Truth: Hospitals that medical tourists use in developing countries are internationally sanctioned by boards like the Joint Commission International (JCI). Such institutions are Western-based companies with Western-style standards of care. To maintain their certification and their credentials, hospitals must meet and adhere to very strict sanitation standards. The likelihood of getting sick in such a facility is very low. There is virtually no higher risk of getting sick in the foreign country than there is in a Western hospital or care facility.
If you have any food allergies, it is best to let the facility know before your arrival. These facilities, just like ones in the West, are equipped to handle food allergies or preferences according to the patient’s needs. If you follow a particular diet for ethical reasons (i.e. vegan/vegetarian) or religious reasons (i.e. not eating pork, etc.), let the hospital know ahead of time so they can prepare for your visit accordingly.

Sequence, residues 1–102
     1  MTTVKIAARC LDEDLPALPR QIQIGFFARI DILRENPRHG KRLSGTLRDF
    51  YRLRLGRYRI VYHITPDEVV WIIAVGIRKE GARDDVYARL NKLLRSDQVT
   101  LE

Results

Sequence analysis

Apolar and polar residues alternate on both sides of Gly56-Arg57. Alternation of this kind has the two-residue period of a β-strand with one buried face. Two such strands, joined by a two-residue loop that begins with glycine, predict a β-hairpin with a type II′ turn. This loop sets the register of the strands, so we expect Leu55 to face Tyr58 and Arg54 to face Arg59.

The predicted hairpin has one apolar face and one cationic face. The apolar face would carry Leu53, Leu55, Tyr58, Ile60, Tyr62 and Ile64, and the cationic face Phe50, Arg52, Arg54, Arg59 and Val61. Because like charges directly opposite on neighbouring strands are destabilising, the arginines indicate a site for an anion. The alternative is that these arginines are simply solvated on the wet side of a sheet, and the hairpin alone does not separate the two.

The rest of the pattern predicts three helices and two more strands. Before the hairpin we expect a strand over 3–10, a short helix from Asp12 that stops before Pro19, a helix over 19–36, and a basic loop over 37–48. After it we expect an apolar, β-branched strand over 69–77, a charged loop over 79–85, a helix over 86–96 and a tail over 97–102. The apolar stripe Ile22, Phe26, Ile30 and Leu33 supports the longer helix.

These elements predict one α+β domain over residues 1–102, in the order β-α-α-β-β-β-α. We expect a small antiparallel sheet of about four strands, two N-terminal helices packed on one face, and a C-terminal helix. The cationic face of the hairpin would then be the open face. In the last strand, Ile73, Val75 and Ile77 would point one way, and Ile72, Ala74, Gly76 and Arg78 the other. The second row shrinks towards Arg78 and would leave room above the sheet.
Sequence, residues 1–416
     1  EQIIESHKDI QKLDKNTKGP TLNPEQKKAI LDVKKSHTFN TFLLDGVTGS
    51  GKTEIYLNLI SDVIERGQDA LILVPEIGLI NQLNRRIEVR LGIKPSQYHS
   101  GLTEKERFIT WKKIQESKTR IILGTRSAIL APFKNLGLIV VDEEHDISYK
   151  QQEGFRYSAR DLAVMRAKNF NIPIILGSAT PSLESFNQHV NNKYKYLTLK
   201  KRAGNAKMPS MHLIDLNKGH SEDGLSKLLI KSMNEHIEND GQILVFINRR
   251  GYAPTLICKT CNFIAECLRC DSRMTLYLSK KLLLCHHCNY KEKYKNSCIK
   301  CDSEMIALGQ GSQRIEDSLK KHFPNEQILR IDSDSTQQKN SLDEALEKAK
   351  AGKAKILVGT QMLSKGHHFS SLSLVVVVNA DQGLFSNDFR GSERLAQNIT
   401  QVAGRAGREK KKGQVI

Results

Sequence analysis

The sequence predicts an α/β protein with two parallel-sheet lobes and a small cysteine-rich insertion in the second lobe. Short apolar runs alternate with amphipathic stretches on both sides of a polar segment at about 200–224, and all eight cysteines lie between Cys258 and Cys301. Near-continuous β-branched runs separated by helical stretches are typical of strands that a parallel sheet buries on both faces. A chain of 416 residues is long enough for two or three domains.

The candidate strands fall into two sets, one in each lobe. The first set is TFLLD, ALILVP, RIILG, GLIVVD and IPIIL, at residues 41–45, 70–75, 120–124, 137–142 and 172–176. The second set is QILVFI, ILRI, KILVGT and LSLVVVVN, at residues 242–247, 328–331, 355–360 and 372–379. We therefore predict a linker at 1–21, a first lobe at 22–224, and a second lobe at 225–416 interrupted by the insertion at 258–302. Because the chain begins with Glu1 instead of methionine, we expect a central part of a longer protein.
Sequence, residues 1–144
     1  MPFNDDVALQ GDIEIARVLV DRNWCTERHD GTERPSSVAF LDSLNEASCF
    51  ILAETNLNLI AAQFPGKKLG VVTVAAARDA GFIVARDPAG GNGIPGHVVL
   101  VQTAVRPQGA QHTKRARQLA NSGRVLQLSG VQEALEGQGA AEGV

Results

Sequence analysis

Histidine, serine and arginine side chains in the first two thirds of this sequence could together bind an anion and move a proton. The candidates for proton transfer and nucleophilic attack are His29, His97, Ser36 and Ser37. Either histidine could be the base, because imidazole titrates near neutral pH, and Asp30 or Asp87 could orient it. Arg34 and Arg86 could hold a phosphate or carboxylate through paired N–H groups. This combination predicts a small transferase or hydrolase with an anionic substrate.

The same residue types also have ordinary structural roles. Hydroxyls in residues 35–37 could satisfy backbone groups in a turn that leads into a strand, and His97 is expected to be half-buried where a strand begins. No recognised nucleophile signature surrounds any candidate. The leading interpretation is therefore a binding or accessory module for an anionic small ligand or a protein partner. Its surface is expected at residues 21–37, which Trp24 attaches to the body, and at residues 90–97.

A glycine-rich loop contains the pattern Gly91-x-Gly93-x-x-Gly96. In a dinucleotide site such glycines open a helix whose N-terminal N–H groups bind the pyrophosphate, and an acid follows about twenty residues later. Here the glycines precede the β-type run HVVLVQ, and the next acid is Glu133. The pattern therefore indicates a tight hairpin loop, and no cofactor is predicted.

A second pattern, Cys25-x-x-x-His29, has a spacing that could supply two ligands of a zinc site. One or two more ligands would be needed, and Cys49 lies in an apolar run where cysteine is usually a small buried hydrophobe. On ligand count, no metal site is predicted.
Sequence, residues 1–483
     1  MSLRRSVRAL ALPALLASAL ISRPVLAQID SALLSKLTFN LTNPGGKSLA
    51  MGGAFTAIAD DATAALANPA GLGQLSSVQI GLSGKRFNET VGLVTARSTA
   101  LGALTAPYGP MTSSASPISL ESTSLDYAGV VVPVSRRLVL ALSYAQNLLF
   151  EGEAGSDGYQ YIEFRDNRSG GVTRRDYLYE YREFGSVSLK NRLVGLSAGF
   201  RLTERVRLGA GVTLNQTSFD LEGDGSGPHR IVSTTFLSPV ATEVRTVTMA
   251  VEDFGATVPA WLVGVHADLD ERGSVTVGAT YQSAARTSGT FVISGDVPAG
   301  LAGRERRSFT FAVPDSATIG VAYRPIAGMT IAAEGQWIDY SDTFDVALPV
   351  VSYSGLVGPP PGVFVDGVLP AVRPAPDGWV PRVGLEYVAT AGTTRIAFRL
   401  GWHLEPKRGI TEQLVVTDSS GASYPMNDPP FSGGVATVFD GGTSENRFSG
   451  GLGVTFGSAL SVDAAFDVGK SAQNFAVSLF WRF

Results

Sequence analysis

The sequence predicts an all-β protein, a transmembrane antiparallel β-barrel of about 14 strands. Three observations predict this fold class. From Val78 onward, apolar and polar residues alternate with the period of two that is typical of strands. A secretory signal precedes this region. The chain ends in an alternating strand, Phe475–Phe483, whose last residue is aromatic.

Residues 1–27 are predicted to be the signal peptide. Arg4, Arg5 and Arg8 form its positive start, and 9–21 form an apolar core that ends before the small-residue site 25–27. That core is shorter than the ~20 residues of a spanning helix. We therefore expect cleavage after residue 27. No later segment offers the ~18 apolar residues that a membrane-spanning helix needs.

Myth #3: The lower healthcare costs mean lower qualities of care.
Truth: The reason healthcare costs are so much lower in developing nations than they are in the Western nations is because labor costs per hour for healthcare professionals and taxation rates implemented are substantially lower. Many hospitals in the medical tourism field receive a large majority of their business from international patients.
Myth #4: I am not from India, so I won’t be able to understand the doctors and professionals providing me care!
Truth: Most international universities of medicine are conducted in English as the primary academic language. Most doctors speak English fluently, as well as their language(s) from their homeland. For patients who may not speak English as a first language, or at all, many hospitals offer translators in many different languages. This is to serve the vast numbers of patients from around the world who speak other languages. The aim is to provide world-class quality care at an affordable price!
Myth #5: I just want to go see the world, but I can’t see other destinations if I get the major surgery done.
Truth: Most procedures of any serious magnitude expect that you agree not to fly back home for 2 to 8 weeks after surgery. This is depending on the procedure and is done to ensure optimal safety. You will generally begin to feel better, and possibly even be discharged from the hospital after a few days to a couple of weeks after a procedure.